The soldering tip 11, heretofore mentioned, is preferably of copper or the like and as best seen in FIG. 2, includes an elongate, cylindrical bore 11a which terminates rearwardly in female threaded portions 11b. The tip 11 is inserted in sleeve 12a in such a manner that the bore 11a, accommodates cylinder 15c and female threaded portion 11b is threaded onto the corresponding male threaded portion 15b. An electrical heating coil 16, having an electrically insulating coating, inserts in the cylin der 15c and connects to the power supply as by leads 14a, 14b. The said leads 14a, 14]; pass through cylindrical portion 15a and are encased therein in a ceramic composition 17, potting compound or other similar heat resistant material.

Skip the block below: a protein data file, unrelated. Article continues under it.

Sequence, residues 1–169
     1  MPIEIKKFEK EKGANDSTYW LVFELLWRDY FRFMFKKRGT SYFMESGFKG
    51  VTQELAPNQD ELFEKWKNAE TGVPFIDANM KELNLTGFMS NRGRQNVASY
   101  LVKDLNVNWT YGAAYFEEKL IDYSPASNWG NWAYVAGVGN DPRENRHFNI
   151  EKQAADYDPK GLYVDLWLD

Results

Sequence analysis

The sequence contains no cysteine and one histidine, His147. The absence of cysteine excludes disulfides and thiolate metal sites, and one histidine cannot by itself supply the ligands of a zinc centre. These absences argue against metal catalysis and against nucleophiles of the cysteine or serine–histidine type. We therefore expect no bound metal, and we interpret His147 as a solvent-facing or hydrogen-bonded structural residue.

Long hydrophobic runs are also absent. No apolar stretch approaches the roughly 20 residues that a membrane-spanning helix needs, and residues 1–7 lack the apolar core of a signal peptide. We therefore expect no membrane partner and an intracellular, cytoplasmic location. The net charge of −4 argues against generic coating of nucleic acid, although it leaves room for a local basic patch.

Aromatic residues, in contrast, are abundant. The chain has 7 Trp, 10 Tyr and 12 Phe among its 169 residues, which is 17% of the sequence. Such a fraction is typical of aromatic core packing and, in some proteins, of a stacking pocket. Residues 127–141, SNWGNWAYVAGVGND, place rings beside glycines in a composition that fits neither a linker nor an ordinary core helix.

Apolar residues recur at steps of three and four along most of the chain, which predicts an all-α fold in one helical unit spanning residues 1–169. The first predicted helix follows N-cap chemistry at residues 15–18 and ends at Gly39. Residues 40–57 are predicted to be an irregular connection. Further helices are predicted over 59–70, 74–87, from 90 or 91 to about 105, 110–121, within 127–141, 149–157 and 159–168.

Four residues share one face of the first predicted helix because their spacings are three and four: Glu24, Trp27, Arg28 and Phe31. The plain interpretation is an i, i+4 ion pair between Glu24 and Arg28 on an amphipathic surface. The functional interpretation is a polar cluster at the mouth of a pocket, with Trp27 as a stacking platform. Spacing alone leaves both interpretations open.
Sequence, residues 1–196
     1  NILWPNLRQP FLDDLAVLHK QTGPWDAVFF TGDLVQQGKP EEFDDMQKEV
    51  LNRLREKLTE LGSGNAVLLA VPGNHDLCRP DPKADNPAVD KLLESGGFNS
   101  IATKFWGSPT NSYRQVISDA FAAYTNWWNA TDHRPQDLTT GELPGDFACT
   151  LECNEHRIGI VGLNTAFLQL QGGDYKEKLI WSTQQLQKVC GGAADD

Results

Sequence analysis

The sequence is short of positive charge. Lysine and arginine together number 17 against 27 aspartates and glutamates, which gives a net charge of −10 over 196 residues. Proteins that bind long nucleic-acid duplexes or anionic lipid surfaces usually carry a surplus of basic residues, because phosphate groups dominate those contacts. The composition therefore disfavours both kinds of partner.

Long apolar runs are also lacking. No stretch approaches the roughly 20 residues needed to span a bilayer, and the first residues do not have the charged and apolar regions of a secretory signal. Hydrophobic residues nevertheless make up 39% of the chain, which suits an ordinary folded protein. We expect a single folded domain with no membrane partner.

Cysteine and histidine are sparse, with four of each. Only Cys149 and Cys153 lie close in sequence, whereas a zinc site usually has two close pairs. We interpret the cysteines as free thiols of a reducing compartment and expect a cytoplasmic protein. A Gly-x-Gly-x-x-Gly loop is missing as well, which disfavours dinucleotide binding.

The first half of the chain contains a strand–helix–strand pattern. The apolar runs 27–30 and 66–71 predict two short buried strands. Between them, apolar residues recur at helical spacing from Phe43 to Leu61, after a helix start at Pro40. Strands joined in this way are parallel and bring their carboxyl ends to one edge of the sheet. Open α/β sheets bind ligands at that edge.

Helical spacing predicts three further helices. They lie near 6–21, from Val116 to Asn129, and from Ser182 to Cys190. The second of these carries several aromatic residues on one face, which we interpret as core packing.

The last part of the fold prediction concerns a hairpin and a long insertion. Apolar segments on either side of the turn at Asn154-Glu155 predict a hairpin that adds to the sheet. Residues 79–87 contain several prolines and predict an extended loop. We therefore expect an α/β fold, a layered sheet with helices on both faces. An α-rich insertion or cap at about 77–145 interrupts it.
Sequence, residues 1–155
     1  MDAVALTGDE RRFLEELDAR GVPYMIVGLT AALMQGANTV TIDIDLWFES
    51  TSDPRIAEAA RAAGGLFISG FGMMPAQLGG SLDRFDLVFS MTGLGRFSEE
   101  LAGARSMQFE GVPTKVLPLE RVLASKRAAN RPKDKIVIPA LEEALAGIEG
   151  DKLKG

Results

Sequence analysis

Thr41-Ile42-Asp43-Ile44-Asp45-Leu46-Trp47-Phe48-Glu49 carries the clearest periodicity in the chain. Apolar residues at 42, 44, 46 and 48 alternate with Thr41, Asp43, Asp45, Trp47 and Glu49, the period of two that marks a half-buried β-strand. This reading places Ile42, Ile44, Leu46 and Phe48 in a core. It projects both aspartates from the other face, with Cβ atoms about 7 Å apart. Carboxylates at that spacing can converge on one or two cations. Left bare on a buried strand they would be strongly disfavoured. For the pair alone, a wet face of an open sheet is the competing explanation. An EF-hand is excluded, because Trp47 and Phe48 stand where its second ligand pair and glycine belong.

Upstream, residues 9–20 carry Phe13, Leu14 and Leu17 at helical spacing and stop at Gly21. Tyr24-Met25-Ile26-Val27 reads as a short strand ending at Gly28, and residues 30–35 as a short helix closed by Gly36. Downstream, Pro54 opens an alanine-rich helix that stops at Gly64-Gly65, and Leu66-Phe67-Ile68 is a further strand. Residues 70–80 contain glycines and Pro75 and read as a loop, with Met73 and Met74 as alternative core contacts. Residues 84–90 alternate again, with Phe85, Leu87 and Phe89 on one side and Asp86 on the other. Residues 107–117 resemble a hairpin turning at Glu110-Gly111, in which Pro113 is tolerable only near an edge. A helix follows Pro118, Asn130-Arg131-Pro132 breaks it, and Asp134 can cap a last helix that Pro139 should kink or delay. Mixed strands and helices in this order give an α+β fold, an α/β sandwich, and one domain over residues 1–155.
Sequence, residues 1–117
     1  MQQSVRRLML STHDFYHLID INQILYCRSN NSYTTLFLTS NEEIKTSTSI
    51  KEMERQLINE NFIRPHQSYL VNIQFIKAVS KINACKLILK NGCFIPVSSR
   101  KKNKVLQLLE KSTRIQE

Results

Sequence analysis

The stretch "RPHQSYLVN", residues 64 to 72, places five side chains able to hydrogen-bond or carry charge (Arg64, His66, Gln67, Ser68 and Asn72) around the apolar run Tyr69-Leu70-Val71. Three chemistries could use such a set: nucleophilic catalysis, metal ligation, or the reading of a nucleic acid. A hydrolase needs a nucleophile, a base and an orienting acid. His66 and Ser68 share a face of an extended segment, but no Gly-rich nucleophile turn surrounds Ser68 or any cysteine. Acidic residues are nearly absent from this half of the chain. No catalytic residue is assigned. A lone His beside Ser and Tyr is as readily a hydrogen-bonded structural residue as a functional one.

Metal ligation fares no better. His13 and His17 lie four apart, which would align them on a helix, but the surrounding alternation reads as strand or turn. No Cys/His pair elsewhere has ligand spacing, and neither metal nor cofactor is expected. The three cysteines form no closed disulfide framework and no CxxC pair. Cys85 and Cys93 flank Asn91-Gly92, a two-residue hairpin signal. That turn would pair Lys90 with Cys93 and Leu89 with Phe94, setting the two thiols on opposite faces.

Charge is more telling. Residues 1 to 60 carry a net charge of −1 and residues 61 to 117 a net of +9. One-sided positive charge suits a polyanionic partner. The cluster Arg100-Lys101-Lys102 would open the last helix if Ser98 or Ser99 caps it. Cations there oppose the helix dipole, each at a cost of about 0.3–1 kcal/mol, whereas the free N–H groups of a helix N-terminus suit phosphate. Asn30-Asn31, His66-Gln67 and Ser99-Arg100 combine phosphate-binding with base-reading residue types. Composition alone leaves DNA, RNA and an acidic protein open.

Referring now to FIG. 5 of the drawings, the portion of sleeve 12a rearward of cylindrical portion 15a is packed with an insulating material 18, such as glass or asbestos fiber. As heretofore mentioned, sleeve 120, composed of any material having good heat transfer properties, connects to the heat dissipating fins 13. More par ticularly, rings 19a-19b, composed of copper, aluminum, or the like, are positioned in the terminal portion of chambers 12d-1, 12d-2, and sealed to the corresponding surfaces of sleeve 12a, member 120, and sleeve 12b, respectively, in accordance with conventional practices. A bore (not shown) is provided in the sleeves 12a, 12b whereby the said chambers may be evacuated to a pres sure in the order of mm. mercury and the said bores sealed.